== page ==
Ways Autism Focused Couple Therapy Can Change Your Life

As a practicing clinician specializing in adult diagnosis of Autism Spectrum Disorder (ASD), I have noticed that as the diagnosis of children impacted on the spectrum has dramatically increased (current statistic from the Centers for Disease Control is 1:55), the first time diagnostic rates for adults on the spectrum also continue to skyrocket, making the demand for effective couple therapy a clear necessity.

Ways Autism Focused Couple Therapy Can Change Your Life http://www.staging6.autismparentingmagazine.com/ways-autism-focused-couple-therapy-can-change-life

ASD (in one or both partners), is a core challenge in marriage and needs to be both acknowledged and appropriately addressed. Adult Autism Spectrum Focused Couple Therapy Model is a flexible approach that combines therapeutic interventions proved effective for both individual adult Autism Spectrum therapy and general marital therapy.

Highlights of the model:

1. Educating about Autism Spectrum Disorder

The therapist methodically explains how the diagnosis is made using lay terms to describe scientific highlights and pausing frequently to answer questions, and then details the various treatment option and strategies available to the couple.

2. Clarifying partner’s perspectives

When ASD has long gone unrecognized or misunderstood, couples tend to ‘fill in the blanks’ with distorted explanations. Couples now learn to reframe their long running challenges-and potential solutions through the ‘ASD’ lens.
Example: Carla mistakes Arthur’s challenge to helping her with domestic chores as passive aggressive behavior. Arthur misinterprets Carla’s criticisms as ‘controlling.’ The therapist works with the couple to identify and correct engrained dysfunctional patterns into more productive interactions.

3. Helping couples monitor medication (if needed)

Many prescribing physicians offer only short appointments. Therapists are not pharmacologists, but they can guide the couple to work as a team in getting best results from medication. This includes identifying ‘treatment targets’ (behaviors that will respond to medication) and monitoring progress over time.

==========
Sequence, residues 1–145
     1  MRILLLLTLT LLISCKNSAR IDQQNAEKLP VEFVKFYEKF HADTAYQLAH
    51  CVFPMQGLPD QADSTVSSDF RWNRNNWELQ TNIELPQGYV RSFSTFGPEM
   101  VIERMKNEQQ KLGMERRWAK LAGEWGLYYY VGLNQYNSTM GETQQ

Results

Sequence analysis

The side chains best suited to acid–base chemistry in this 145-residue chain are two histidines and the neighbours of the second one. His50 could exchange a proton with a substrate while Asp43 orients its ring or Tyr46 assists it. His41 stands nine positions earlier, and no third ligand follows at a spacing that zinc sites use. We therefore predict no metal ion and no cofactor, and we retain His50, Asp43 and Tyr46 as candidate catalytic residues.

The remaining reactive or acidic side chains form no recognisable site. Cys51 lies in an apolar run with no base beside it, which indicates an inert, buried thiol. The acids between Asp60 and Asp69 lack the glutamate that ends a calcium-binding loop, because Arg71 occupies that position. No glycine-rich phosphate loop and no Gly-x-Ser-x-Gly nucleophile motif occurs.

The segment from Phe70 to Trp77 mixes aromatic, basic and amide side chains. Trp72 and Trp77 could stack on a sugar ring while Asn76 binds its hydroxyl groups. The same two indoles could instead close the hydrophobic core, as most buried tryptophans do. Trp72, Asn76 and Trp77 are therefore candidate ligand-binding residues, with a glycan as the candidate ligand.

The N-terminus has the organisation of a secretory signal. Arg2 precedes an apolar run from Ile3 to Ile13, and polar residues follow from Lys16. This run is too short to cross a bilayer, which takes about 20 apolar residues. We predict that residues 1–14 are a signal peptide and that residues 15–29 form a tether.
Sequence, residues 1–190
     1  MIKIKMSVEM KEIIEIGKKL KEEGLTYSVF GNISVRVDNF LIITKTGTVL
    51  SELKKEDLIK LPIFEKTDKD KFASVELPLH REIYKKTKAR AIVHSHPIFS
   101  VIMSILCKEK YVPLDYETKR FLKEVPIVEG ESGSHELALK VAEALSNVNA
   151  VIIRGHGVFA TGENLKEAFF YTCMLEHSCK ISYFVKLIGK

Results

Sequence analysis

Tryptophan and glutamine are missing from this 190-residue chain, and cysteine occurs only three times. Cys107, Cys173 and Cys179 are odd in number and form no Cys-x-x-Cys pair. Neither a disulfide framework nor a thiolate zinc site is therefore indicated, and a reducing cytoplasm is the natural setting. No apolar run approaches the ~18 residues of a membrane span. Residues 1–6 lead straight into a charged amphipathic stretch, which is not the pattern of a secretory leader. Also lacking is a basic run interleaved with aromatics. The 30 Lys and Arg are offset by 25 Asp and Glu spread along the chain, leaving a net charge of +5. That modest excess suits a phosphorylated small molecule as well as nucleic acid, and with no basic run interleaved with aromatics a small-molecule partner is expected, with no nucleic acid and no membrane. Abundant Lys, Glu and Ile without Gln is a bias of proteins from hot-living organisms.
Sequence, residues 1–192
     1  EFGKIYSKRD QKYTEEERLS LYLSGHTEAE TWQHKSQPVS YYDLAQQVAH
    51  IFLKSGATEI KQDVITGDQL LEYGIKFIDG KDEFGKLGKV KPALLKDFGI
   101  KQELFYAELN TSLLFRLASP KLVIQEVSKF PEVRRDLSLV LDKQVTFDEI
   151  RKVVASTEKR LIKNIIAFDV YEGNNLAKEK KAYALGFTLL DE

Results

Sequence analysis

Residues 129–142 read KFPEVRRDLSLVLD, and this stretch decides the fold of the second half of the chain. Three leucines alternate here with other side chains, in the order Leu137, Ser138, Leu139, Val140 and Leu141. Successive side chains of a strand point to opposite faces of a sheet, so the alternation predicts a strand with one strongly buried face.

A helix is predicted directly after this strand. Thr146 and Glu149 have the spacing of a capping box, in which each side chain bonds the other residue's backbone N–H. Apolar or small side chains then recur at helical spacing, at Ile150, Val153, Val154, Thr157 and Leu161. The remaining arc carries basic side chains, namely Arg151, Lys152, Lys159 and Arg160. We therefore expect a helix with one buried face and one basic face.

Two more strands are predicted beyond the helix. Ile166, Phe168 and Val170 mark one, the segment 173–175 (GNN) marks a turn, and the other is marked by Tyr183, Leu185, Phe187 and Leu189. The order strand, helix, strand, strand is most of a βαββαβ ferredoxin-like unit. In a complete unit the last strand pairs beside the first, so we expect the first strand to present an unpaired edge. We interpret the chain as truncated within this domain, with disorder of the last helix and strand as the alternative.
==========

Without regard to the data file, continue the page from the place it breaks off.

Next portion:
4. Guiding couples in creating new, practical habits

Autism Spectrum Focused Couple Therapy strongly focuses on the practical; that is, developing cooperative strategies around previously frustrating behaviors, e.g., poor communication/social skills, lack of a continuous reciprocal relationship, anger management. The therapist also helps each partner break through each point of resistance in establishing new habits.

5. Teaching couples to communicate effectively and empathically

The therapist coaches the couple through a structured, turn-taking dialogue in which both partners can be heard and understood-without criticism or interruption. The couple practices this dialogue, with several variations between sessions until it becomes second nature.

6. Developing pragmatic strategies for co-parenting

Much has been written about parenting children on the spectrum, with little or no emphasis on helping parents on the spectrum to parent effectively. Often, these parents can forget rules and routines, or conversely become too rigid in the regimentation of house standards. With the parents help, the couple can implement ASD supportive guides to routines and eliminate conflictual arguments with and about their children.

7. Addressing the couples other particular challenges

Challenges not be overlooked include various concerns that may include sexual intimacy, financial management, cyber-addictions and even denial of an ASD diagnosis, along with other issues stemming from other aspects of either partner’s personality or the couple’s circumstances.

Using the types of approaches described here, many couples finding themselves challenged by ASD can improve their relationship satisfaction and regain the intimacy they once enjoyed. They can also learn the skills to continue problem-solving and working together long after therapy ends.

Dr. Esther Hess is a developmental psychologist and executive director of a multidisciplinary treatment facility in West Los Angeles, Center for the Developing Mind. Dr. Hess can be reached through the Center’s website at www.centerforthedevelopingmind.com.

This article was featured in Issue 58 – The Greatest Love of All: Family

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